If you did not knew, India is possibly the only significant country in the world which uses WPI (wholesale price index) instead of CPI (consumer price index) to calculate inflation. And this is the reason why inflation figures do not have much relevance for a common man.
Let me first explain what are the individual constituents of WPI.
1) Inflation to me is the yoy increase in cost of living to maintain a certain lifestyle. Now if you closely observe, you would notice that housing, entertainment, education, and other services do not figure anywhere in the government figures… even though they constitute a significant part of our expenditure.
2) All the prices used for computing the inflation is wholesale prices. Now how often do we go to the wholesale mandi and buy goods at wholesale prices? Retail prices makes more sense.
3) India is a service based economy. Even though we spend a lot on services, they form no part of the inflation figures.
4) Changing basket of consumption: According to MCX Chief Economist V Shanmugam, of the 435 commodities included in the WPI, of which over 100 have ceased to be important from the consumption point of view. Yet no steps have been taken to rectify this. Every country revises their basket of commodities and services every 3-4 years, but india refuses to do so.
5) Administered prices: All these fallacies give room for the government to artificially administer prices and give us the illusion that inflation is low.
If you do not believe me, then do a simple computation. Dig your old bank statements/ledgers/accounts and find out what you spend every month a few years ago. Now compute (on today’s prices) how much will you spend every month to maintain the same lifestyle. I can bet you that the increase in expenditure would be a few times higher than the official inflation figure of 6%.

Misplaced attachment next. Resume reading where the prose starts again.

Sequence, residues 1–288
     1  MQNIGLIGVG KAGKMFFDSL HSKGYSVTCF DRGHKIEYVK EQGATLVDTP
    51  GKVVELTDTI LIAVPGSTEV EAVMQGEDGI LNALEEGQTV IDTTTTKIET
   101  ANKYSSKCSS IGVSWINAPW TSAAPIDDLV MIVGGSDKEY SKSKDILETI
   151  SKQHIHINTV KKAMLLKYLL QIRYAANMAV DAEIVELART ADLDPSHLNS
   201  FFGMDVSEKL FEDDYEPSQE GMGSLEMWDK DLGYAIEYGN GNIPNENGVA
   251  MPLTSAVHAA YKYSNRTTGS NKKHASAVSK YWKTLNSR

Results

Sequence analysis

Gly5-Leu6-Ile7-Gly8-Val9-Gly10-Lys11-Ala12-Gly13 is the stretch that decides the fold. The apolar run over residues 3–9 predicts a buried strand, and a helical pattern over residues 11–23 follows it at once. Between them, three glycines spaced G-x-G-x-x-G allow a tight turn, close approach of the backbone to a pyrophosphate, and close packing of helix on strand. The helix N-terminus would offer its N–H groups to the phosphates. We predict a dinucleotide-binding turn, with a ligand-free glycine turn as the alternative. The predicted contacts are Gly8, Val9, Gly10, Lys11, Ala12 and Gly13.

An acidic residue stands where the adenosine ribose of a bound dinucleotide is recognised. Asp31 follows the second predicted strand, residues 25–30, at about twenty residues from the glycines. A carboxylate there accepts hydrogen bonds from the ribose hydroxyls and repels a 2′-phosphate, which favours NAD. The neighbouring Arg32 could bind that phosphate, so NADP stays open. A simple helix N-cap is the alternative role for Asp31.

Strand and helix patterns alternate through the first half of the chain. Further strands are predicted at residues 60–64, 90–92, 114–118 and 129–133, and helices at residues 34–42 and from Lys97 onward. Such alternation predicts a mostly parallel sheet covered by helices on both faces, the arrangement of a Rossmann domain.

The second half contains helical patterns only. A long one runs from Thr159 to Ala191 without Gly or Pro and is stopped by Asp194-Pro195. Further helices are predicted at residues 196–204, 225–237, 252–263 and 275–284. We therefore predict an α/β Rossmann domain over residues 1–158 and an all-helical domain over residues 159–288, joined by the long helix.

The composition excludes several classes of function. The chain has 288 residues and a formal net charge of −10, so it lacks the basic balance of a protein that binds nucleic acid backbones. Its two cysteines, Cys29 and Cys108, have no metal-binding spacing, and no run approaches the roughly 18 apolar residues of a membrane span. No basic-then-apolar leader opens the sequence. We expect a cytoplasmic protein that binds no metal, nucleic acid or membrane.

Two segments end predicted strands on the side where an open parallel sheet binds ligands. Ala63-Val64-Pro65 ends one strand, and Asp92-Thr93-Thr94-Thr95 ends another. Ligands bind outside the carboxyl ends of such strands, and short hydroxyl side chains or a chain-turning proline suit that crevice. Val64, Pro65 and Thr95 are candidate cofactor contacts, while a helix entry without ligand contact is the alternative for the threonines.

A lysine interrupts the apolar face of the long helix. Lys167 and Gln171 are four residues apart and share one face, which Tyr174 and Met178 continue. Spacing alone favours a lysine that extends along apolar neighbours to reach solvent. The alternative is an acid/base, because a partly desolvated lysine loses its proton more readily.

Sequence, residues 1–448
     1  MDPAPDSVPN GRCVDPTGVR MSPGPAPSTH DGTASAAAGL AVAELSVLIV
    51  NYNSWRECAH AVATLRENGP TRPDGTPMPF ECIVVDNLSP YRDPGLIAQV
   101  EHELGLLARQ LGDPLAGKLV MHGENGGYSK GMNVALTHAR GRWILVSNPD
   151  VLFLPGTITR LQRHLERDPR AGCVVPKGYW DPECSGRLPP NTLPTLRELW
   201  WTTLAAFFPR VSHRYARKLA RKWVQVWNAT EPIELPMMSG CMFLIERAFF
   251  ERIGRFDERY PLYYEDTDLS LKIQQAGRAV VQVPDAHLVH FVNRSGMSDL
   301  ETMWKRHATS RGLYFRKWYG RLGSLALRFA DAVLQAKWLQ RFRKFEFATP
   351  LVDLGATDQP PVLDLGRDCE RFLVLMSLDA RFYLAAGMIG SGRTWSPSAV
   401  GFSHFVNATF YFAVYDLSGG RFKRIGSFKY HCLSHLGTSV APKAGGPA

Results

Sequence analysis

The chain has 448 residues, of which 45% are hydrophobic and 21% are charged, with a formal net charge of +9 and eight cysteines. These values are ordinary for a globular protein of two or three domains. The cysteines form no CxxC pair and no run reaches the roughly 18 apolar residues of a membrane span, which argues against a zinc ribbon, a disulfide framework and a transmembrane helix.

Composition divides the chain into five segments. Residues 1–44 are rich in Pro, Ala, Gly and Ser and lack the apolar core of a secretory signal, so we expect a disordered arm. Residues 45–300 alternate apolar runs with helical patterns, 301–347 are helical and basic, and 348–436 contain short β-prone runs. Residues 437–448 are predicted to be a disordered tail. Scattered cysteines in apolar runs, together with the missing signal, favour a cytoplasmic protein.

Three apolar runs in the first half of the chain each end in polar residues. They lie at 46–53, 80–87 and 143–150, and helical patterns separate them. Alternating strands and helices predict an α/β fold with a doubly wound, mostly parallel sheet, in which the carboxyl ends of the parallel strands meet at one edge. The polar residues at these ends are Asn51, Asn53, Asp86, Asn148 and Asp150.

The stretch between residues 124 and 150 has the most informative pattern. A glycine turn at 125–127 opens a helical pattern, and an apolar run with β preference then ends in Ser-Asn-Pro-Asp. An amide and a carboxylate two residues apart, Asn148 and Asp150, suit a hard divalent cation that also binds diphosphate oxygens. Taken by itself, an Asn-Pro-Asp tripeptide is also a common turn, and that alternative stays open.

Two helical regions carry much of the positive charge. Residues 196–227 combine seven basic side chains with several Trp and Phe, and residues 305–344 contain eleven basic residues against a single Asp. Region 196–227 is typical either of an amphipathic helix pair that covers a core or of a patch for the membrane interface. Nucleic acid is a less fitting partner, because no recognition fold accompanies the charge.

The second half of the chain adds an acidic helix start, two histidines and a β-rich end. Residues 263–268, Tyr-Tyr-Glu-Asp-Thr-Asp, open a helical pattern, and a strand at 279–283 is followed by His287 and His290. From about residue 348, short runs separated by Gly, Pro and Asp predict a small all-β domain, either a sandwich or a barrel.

14 replies on “India’s WPI”
I say bloody brilliant, eh? That’s the reason I keep telling people not to go by the official inflation figures. Thank you for doing this post and hopefully, some other people who weren’t aware will read this post.
Just for the record, CPI is a very good indicator, but it over-estimates inflation by about 1%. It’s used in the US. Most of the times, the CPI estimates need to be adjusted downward by about 1%.
Another very common misconception is that the appreciation/depreciation of a currency depends only upon the (X-M) component (import minus export) of the Balance of Accounts. It depends upon a lot of other things, for example, the current account and the capital (investment) account. I’ll probably do a post on this stuff because it irks me to no end when people talk foolishly.
How does CPI overestimates the figures?
//Another very common misconception is that the appreciation/depreciation of a currency depends only upon the (X-M) component (import minus export)//
very true india gets many times more forex through remittances and FDI then through exports/imports.
I also agree that government makes a mockery of the statistics and the people r often too dumb to notice…. i will wait for your sequel on this topic.